Prime Minister John Key says several factors will decide the date of the general election, but he is coy on whether a visit by US President Barack Obama is one of them.
Key, who recently enjoyed a five-hour round of golf with Obama in Hawaii, said this afternoon he had not yet settled on a date.
He promised to give "plenty of warning" rather than calling it at short notice to shorten the campaign period.
"I'm not terribly interested in playing lots of games, I don't think there's any major political advantage of that nor is it actually ... the right thing to do," Key said.
There was room to be more flexible this year than in 2011 when the Rugby World Cup largely dictated the election's November timing.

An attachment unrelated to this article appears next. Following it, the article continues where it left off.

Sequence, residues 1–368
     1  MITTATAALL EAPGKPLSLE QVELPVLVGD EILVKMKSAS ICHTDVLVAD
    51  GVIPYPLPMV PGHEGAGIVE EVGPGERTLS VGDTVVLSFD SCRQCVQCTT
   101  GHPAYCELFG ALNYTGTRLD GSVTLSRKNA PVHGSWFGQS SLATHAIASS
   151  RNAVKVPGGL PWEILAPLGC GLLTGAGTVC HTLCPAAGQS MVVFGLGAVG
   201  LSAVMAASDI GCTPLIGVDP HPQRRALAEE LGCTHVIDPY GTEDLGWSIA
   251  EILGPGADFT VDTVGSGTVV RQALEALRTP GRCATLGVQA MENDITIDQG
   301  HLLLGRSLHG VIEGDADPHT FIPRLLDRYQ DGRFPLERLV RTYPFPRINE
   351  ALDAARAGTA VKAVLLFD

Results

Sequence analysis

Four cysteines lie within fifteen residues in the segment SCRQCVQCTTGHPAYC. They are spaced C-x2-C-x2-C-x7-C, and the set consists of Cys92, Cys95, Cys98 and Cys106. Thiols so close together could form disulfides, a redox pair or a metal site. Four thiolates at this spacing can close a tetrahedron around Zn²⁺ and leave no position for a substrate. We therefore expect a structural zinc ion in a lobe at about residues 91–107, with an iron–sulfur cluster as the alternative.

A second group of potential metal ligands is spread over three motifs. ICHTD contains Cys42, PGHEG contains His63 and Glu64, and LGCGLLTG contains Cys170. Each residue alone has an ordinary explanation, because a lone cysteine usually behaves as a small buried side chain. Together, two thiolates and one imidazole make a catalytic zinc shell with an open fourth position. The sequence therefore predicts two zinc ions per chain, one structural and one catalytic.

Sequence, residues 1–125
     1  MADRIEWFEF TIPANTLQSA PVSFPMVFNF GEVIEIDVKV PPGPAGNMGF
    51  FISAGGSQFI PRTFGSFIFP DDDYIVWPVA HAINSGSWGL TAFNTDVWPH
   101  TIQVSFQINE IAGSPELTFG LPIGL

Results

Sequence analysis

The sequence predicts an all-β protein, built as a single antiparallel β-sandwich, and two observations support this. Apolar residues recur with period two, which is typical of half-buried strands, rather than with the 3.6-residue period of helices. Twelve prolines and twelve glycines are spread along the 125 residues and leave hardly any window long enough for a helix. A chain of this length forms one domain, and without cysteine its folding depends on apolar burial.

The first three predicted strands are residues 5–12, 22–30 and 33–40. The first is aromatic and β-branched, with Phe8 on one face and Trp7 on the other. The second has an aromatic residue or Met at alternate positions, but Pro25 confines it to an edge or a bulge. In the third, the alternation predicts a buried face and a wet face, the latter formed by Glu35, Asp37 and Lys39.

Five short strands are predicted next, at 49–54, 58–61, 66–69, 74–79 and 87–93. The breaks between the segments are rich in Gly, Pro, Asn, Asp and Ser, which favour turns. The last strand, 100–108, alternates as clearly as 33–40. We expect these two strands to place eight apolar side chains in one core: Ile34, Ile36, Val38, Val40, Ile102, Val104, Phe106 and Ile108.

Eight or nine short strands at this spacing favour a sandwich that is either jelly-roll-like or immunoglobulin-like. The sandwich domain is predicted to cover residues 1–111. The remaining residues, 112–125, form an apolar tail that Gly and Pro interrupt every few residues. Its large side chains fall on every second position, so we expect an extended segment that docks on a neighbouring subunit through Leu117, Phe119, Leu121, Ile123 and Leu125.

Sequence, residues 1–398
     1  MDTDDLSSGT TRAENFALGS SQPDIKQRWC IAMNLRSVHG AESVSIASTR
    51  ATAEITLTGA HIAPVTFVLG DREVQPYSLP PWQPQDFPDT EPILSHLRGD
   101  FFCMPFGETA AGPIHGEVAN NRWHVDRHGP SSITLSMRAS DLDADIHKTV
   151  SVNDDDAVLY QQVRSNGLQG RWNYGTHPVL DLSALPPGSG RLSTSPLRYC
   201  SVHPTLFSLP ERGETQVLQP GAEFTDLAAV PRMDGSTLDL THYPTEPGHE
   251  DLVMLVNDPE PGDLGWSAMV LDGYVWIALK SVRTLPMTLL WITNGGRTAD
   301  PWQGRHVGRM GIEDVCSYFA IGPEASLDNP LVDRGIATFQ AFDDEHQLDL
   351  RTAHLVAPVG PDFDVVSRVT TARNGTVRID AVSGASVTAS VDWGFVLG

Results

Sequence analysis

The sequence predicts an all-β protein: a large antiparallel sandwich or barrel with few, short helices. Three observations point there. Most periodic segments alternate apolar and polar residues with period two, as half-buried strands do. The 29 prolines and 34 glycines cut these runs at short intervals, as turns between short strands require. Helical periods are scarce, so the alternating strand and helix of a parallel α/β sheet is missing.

"There's a little bit more flexibility this time, there's a few factors we're trying to weigh up that we're not exactly sure about," Key said.
The factors included international events such as the G-20 summit in Australia in mid-November, he said.
He did not know whether Obama would visit New Zealand this year.
Asked whether such a visit would influence the election date, Key said: "I wouldn't quite put it in those terms ... there's a few other things."
It would not be much further for Obama to come to New Zealand on his way to or from the G-20 summit and the US president had a standing invitation, Key said.
"Look, it would be great if he came to New Zealand, we'd obviously welcome him here but he's got a lot of countries he has to visit in a limited amount of time."
Former US Secretary of State Condoleezza Rice visited New Zealand for half a day in July 2008 on her way to a gathering of Pacific leaders.
- Fairfax Media